Also, I've found that driving is much more pleasant obeying all of the laws. I'm much less concerned about always being in a hurry. Plus I'm less stressed about getting pulled over.

Sometimes, it's important to hurry.  For example, my daugther cut her head a few weeks ago, and I had to take her to the hospital.  I suppose I could have called 911 and involved the government, but it was not necessary.  Getting there in a reasonable manner, was.  If someone had been impeding traffic, I would have (justifiably) been quite annoyed.  And I would have been annoyed with that individual, not the signs on the side of the road.

I never stress about getting pulled over.  It happens once every year or three, I neither argue nor give an inch, and they go away.  Meanwhile, I save many hours of my valuable time, each year.

Also, it's actually saved me a couple of times, because there were some near misses that likely would have been crashes had I been exceeding the speed limit.

No, driving at an appropriate speed for the conditions at that particular place and time saved you.  It would have saved you if the speed limit were 20mph lower, or 20mph higher.  You seem awfully concerned with the numbers on signs.  As an anarchist, I don't give a hoot what number is on a sign; I drive at a safe and appropriate speed, regardless of what number some thug has posted.

Also, I don't know what you're political persuasion is, but I'm an anarchist. I'd love to see everybody stop asking for permission to drive.

I'm most definitively an anarchist.  But living in the real world, we have to deal with the fact that the government does exist.  $10 per year is a smaller infringement upon my rights than constantly obeying every arbitrary traffic sign.  I can earn $10 in minutes, and be set for the rest of the year.
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elkingrey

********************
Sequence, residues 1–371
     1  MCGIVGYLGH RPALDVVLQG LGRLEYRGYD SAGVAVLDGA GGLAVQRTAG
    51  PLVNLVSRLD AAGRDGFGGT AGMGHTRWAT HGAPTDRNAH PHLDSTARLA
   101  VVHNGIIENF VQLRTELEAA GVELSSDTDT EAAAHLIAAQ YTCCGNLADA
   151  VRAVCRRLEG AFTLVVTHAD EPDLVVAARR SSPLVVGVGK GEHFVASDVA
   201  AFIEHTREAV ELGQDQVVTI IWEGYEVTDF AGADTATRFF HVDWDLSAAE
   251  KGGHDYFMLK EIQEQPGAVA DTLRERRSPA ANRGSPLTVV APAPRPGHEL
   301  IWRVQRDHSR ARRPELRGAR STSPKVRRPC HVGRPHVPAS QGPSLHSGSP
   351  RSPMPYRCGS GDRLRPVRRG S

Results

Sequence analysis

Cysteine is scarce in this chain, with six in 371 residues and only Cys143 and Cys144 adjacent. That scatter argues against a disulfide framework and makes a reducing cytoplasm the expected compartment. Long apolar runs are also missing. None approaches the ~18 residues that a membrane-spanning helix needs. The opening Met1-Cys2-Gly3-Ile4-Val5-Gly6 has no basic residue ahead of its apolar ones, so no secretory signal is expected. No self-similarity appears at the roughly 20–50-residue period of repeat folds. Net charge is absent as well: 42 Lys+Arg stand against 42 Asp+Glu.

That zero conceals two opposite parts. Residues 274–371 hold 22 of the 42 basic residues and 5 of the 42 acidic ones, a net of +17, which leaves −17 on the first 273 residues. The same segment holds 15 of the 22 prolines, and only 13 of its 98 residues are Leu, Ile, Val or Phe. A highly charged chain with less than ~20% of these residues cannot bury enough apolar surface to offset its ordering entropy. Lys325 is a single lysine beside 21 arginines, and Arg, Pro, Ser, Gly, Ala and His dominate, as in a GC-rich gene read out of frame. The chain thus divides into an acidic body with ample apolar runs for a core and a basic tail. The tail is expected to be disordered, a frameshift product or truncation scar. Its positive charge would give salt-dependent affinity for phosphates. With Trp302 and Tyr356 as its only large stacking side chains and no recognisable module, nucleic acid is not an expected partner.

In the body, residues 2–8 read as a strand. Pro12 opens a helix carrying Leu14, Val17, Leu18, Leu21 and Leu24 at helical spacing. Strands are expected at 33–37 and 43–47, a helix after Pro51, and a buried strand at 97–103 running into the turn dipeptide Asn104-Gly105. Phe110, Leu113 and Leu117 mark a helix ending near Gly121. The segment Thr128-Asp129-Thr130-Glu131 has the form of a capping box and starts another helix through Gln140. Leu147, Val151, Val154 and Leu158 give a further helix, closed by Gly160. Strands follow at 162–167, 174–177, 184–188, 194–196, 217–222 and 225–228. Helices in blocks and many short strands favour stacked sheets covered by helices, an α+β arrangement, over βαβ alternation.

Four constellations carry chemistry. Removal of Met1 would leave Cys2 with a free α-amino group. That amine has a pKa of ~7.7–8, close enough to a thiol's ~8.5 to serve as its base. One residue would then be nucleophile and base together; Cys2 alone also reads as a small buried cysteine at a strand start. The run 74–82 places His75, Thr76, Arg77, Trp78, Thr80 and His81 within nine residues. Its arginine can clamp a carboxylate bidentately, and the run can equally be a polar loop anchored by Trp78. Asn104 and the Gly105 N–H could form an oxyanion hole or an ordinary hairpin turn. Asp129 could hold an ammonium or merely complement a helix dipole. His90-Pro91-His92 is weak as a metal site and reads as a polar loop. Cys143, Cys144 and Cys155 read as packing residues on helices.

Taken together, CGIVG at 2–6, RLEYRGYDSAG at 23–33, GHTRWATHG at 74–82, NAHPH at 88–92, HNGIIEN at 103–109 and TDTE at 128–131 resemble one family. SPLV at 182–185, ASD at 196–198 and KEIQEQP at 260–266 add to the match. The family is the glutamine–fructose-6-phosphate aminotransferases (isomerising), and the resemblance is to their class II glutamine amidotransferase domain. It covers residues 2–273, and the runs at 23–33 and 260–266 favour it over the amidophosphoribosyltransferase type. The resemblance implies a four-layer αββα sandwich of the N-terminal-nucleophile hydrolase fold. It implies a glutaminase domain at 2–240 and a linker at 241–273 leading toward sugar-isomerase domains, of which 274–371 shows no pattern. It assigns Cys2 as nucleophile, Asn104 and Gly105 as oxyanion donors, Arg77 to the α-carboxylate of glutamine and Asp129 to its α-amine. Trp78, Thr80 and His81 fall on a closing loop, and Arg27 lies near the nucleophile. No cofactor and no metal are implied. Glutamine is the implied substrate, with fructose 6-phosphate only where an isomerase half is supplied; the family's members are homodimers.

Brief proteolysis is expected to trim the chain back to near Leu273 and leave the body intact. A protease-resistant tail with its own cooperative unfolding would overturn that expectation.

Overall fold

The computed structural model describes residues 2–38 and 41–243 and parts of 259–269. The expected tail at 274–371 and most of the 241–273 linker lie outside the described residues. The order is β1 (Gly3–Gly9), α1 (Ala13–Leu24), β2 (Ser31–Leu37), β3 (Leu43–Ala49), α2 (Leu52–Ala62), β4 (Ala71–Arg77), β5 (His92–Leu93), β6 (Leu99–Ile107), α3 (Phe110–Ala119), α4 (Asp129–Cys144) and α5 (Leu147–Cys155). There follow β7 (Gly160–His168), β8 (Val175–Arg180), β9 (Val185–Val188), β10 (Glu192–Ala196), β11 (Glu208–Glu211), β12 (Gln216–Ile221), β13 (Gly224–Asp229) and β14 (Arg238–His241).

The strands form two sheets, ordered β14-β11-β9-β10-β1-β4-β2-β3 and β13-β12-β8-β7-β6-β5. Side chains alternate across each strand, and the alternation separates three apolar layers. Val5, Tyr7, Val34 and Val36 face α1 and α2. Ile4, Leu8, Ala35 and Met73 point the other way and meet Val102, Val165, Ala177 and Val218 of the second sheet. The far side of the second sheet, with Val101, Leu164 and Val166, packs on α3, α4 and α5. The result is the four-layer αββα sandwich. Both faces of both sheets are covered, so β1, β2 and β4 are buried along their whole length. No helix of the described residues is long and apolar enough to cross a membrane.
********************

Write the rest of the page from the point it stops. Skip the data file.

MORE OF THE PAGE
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Re: Driving w/o a license
« Reply #48 on: February 17, 2014, 04:26 PM NHFT »

I definitely have a problem with the IRS threatening business owners. But I'm threatened too, and I don't pay. So why can't they man up as well?

I don't care what the money goes to after I pay the gas station. Hell, his prices might be higher than the next because he gives 10% tithe to the Catholic Church. The point is, I have no control over what he does with the money after I give it to him. He says the price is X and I choose to pay it or not. The only difference is that he's TELLING you he's giving some of it to the state.

I'm not always free to pull over and let others drive by. Often times there is no shoulder. But the person who wants to speed almost ALWAYS has the ability to cross a double yellow and go around. Why isn't that in your playbook? You want me to speed but you're not willing to go around? Come on!!

And yes, I'm all about driving at safe speeds. I've been doing 20 MPH LESS than the speed limit over the last few weeks because the roads have been super icy. The only time I've ever felt it was dangerous to actually drive less than the speed limit is when everybody is doing 20 MPH over the speed limit in the fast lane in California. But even then, if you want to do the speed limit you simply drive in the slow lane, not the fast lane.
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KBCraig

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Re: Driving w/o a license
« Reply #49 on: February 17, 2014, 05:03 PM NHFT »

I don't care what the money goes to after I pay the gas station.

Of course you do, just as you care that the landlord, if you rent, pays property taxes out of your rent. If he didn't, you'd soon be out of a place to live. Or, out of a place to buy gasoline.